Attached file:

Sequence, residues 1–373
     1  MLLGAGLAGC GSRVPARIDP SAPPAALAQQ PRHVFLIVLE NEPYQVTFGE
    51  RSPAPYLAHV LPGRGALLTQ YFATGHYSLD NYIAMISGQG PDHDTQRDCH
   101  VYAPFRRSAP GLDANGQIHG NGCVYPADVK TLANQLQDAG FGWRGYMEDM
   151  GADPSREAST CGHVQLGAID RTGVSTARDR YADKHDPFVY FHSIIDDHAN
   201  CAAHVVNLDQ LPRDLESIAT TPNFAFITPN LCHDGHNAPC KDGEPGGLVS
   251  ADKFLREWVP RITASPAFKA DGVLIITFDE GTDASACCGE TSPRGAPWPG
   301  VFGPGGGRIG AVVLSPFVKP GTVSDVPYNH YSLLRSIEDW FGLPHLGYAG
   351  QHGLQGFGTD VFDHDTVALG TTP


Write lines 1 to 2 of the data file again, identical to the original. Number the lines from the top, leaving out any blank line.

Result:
Sequence, residues 1–373
     1  MLLGAGLAGC GSRVPARIDP SAPPAALAQQ PRHVFLIVLE NEPYQVTFGE